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Authors: Eliot Peper

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BOOK: Cumulus
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Every time she rounded the corner of a switchback, Lilly stole a glance into the rearview mirror. It was almost time. The smoldering disk of the sun dipped lower toward the horizon. A gabled roof blocked her view, but before her eyes flicked back to the road, she noticed a little black object zip around a stand of redwood trees in an adjacent yard. Probably some kid playing with a toy drone.

The Land Rover roared up the winding narrow streets like a diesel-fueled bull elephant. If she hurried, she should just make it. She tried to gauge angles and timing with every glimpse into the mirror. So close. She came up around another corner, and a “No Outlet” sign flashed past on her left.

The road angled up steeply, and came to the crest of the ridge. The sun burned low in the mirror. Perfect, an unimpeded view. Lucky for her, the road ended at an estate that sat all by itself on the ridge. She pulled over in a cloud of dust on the gravel driveway that led into the estate and pulled the parking brake. There wasn’t much time. Grabbing her kit, she jumped out the door and slammed it behind her.

The vantage point from the road wasn’t as good as it had appeared. A wooden fence surrounded the estate. Bright green vines covered almost every inch of it. Once she was done, she had to remember to snag a bunch of the plump red grapes dangling every meter or so.

She prowled the perimeter, looking for an open shot of the western horizon, but there was none to be had. Damn Greenies wouldn’t even share a view. Mansions so big and fences so high that they lived in their own walled-off little universe. Shit. She needed this. Her camera needed love, needed passion shots. The minute it became only a tool instead of an artistic vessel, she was done. If she did only paid gigs, she’d lose her touch. If she lost her touch, she’d lose the paid gigs. She couldn’t afford to lose either.

Fuck it. She circled back to where she had parked the car and continued around to the downhill side of the house. Then she adjusted the straps and pushed her camera behind her back. She looked up at the fence and took a deep breath. No time for second thoughts.

She jumped up and grabbed the thickest twist of grapevine she could find. Her feet scrabbled for purchase against the wooden fence. The rough bark of the vines rubbed her hands raw as she hauled herself over the fence. She pressed her eyes shut to keep the leaves out, and threw her body onto the top. The top of the fence dug into her stomach, and the grapevine clung to her like the grasping tentacles of a sea monster.

With immense effort, she dragged her legs free of the vines and over to the other side. Then she pushed off with her hands, and fell to the lawn on the inside of the fence. Her breath came in sharp pants. That had been a lot harder than it looked. Movie heroes always made hopping over fences look elegant and effortless. Instead, her face was flushed. Her palms were all scraped up and sticky with sap. Her clothes were in disarray. She clearly wasn’t cut out for cinematic heroism.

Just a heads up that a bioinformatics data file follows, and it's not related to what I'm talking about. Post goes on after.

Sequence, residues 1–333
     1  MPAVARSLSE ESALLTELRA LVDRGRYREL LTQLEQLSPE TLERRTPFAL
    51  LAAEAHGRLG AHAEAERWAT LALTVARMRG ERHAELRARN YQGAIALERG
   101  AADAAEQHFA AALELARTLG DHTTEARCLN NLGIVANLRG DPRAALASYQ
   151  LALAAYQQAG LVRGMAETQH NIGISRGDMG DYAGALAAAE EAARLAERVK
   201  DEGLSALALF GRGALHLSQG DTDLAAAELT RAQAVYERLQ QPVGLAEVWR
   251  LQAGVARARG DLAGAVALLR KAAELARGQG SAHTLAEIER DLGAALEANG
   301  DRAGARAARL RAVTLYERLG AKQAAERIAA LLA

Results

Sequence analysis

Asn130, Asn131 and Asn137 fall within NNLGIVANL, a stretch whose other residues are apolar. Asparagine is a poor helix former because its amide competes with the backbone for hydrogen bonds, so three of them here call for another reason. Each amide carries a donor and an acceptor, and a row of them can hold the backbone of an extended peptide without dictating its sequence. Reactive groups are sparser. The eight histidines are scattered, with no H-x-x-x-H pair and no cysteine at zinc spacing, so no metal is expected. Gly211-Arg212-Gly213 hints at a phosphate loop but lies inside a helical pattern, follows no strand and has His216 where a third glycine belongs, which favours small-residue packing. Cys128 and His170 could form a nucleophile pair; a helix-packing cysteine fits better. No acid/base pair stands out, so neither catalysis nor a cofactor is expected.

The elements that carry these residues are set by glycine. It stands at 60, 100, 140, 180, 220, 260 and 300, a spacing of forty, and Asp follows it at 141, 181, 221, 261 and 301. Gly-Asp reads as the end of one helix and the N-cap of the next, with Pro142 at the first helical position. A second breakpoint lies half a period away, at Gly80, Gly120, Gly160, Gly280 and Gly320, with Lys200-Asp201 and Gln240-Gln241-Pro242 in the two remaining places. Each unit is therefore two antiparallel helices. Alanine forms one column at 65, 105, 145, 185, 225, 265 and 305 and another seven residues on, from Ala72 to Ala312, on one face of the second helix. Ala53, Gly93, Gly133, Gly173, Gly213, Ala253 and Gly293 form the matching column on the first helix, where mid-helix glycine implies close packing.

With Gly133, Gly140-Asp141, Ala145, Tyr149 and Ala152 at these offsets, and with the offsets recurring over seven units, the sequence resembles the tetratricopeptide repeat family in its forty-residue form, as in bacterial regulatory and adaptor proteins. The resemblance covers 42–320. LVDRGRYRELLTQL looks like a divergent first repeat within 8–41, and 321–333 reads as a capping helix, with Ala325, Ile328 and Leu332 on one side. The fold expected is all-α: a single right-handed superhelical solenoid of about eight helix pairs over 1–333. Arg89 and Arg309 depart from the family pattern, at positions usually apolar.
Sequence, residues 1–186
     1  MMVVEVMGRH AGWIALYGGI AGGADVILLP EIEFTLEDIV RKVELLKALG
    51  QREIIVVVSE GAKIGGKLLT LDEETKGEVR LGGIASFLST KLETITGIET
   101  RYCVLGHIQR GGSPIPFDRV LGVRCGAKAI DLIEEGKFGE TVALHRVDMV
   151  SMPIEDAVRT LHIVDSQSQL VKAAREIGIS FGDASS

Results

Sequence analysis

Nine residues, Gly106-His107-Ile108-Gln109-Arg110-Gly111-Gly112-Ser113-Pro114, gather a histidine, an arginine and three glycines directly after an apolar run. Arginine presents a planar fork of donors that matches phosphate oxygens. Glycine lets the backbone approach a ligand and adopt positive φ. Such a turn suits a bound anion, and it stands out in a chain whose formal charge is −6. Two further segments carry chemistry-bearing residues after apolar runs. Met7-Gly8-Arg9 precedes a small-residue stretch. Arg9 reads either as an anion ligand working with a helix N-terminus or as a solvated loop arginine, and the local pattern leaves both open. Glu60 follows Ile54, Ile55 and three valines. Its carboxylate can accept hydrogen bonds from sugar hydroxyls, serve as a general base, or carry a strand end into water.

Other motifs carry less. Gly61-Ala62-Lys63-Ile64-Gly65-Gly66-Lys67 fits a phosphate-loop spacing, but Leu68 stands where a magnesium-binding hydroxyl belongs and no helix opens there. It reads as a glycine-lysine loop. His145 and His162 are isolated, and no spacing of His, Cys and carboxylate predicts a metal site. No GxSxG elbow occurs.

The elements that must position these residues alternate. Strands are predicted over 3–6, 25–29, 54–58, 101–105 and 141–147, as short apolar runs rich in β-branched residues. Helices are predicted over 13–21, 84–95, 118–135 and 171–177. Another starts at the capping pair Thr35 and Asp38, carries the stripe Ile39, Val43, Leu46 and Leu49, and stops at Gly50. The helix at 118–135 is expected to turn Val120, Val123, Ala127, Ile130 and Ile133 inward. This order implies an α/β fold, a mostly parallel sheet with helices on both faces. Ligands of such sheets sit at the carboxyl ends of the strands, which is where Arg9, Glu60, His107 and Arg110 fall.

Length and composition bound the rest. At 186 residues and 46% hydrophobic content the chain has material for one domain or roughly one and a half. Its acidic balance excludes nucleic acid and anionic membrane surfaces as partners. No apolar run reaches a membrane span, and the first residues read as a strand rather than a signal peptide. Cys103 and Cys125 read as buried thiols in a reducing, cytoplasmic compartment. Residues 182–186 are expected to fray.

But hey, she had made it. Time to find her spot.

She surveyed the estate. The landscaping was impeccable. Lilly imagined the months of hard labor that must have gone into designing the layout, grading the earth, and planting everything. Brightly colored flowers accented the largely native vegetation. Gravel paths wove through the yard. In defiance of California’s endless drought, a small stream flowed between stands of graceful olive trees. The house was too tasteful to be called a mansion. Some architect had really outdone themselves on this one. Arching angles of wood outlined wide windows, which blazed amber in the light of the setting sun.

Shit. She needed to focus. She could ogle structural masterpieces any old time. Right now, she was about to miss the climax of this little misadventure. There was a slight rise in the terrain just in front of the olive trees where a wooden bench offered a panoramic view of the western horizon. She used the backrest of the bench to steady the camera and began snapping shot after shot.

Click. Click. Click.

This was to shooting a wedding as sex was to foreplay. The bay was a glittering expanse of molten silver. High-altitude clouds streaked across the dome of the sky like radiant calligraphy. Fluffy heaps and piles of lower-altitude clouds formed flying golden palaces. The San Francisco skyline was outlined in stark contrast. The blood-orange span of the Golden Gate Bridge sat directly west of her, the gateway to the Pacific and beyond. The sun dropped toward the pregnant ridgeline of Mount Tamalpais.

Click. Click. Click.

A lavender wall of fog advanced from the distant marine horizon. The tendrils of its vanguard began snaking around the massive piles of the Golden Gate, rising to obscure the bridge in an impenetrable blanket before shooting through it and onto the bay as if a dam had given way. Tributaries squeezed through hidden valleys before rushing east to cloak the skyscrapers of downtown San Francisco. The dislocated flows of fog re-formed into a uniform mass that surged across the water like a silent tsunami. The sun kissed the horizon and set aflame the tufts trailing off the top of the soft expanse.

Click. Click. Click.

Lilly’s consciousness subsumed into the scene. She was the hawk hovering on the updraft, the sailboat tacking back toward the Marina, the headlights that transformed the Bay Bridge into a Christmas tree. The tangible sense of
being there
felt when appreciating a great photo was nothing but a taste of how
present
the photographer was when capturing it. Her intuition anticipated how the light was morphing and changing as the sun dipped lower and lower. Art sat at the balance between self and other. Only by fully investing herself in the object could she turn it into a subject. There was nothing but the composition. Nothing but her breath. Nothing but now.

Then a flash of light blinded her through the viewfinder, and she jerked away from the camera, as if burned. A piercing shriek slammed into her with almost physical force, and she fell away from the bench and onto the gravel, hands jerking up reflexively to cover her head. Pain lanced through her ear canals.

She blinked rapidly, but all she could see were dark purple spots. The gravel was sharp against her skin. Fuck. Fuck. Fuck. What on earth was happening? Nightmare scenarios played out in quick succession. Had someone just detonated a nuclear weapon in San Francisco? Was a shock wave about to tear up the hill and turn her into a smoking pile of ash? Was she going to live out the rest of her short life fighting assault after assault of radiation-induced cancer?

 

 

 

12

 

 

 

TAKE CARE OF THEM.